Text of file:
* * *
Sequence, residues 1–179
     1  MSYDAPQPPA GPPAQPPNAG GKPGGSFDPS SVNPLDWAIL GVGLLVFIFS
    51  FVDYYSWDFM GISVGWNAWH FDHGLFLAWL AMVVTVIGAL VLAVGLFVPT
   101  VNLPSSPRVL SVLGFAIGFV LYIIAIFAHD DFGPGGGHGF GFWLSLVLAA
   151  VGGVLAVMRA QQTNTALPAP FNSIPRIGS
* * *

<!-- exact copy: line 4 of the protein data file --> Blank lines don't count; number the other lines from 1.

   101  VNLPSSPRVL SVLGFAIGFV LYIIAIFAHD DFGPGGGHGF GFWLSLVLAA